Susceptibility testing: Rifampin and Isoniazid resistance testing were performed by the proportion method according to the CDC laboratory procedures manual.9 In brief, few colonies were harvested from surface of LJ medium and suspended in 3ml sterile saline, mix thoroughly and the turbidity was adjusted to McFarland solution 1 (to yield 3 × 108 cells/ml). One ml of the suspension were inoculated into separate LJ media containing 40µg , 20µg and 10 µg of RIF per ml and 1µg , 0.2µg and 0.1µg of INH per ml . The media were incubated for two weeks at 37oC and the isolate was considered resistant if there was more than 1% growth on the antibiotic containing medium compared with the growth on the drug-free medium.
DNA extraction: Few colonies were removed from the surface of LJ medium and suspended in 100 µl of sterile double distilled water and subsequently 100µl of chloroform was added. After thorough mixing, the mixture was incubated at 80oC for 20 min. After centrifugation at 12000g for 1 min in a microcentrifuge, the supernatant was used for amplification.10
Amplification: The DNA preparation was amplified with the primers listed in Table-I. These primers were designed to amplify the regions between nucleotides 2335 and 2492 of the rpoB gene and nucleotides 2759 and 2967 of the katG gene.7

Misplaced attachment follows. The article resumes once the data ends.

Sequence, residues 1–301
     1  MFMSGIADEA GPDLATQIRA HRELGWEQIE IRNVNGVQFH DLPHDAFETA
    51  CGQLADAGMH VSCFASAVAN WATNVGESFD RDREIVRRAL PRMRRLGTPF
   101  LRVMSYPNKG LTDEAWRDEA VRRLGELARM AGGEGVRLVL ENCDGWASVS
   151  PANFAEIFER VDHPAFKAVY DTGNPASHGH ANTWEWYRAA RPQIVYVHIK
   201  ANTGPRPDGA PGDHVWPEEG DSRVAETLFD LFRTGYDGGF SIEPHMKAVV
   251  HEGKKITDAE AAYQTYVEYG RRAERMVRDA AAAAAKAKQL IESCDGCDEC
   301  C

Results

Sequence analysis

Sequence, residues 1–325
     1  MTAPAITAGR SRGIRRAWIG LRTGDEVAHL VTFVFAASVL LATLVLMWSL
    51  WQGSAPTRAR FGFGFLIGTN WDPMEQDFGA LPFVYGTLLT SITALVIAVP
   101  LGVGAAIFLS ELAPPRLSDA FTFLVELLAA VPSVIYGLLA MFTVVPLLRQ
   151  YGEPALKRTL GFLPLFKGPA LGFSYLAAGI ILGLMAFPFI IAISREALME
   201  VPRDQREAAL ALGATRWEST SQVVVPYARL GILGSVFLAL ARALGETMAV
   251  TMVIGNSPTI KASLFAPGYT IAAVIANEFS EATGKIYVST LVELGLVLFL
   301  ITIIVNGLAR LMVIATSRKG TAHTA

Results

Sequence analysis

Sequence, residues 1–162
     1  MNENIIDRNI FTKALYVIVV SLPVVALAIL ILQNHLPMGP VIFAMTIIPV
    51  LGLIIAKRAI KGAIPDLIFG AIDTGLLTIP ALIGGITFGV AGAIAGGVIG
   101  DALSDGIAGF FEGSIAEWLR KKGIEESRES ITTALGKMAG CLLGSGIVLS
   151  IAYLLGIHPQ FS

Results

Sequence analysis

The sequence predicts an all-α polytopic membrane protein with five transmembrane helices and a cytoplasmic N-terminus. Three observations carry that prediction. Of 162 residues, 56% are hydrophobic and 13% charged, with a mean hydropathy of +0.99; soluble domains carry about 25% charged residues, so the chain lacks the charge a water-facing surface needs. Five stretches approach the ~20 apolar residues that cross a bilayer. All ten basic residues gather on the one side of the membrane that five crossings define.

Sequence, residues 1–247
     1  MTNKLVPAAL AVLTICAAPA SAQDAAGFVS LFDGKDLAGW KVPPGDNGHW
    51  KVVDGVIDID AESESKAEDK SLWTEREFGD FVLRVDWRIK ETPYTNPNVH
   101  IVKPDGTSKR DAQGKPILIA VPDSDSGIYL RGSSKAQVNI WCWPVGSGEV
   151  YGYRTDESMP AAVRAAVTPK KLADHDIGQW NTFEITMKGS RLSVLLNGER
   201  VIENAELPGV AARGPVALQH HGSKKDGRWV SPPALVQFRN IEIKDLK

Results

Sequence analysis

The composition of PCR mixture in 25µl final volume was: 1X PCR buffer, 1.5 mmol MgCl2, 0.2 mmol of each deoxynucleotide triphosphate, 0.5 µmol of each primer, 1 unit of Taq polymerase, 14µl of sterile distilled water and 5µl of DNA template. Mycobacterium tuberculosis strain H37Rv resistant to INH and RIF was used as positive standard control for each set of the reaction. The PCR kit and other reagents were purchased from Cinnagen Co. Tehran, Iran.
The reaction conditions were as described previously and it was 95oC for 45s followed by 35 cycles of 95oC for 15s, 55oC (annealing temperature for the rpoB gene) and 60oC (annealing temperature for the katG gene) for 15s and 72oC for 15s in a thermal cycler (Techgene).7 The PCR products were loaded on 1.5% (w/vol) agarose gel with 0.5 mg ethidium bromide per ml. The gel was electrophoresed at 100v for at least 30 min and the DNA fragments were visualized by UV light.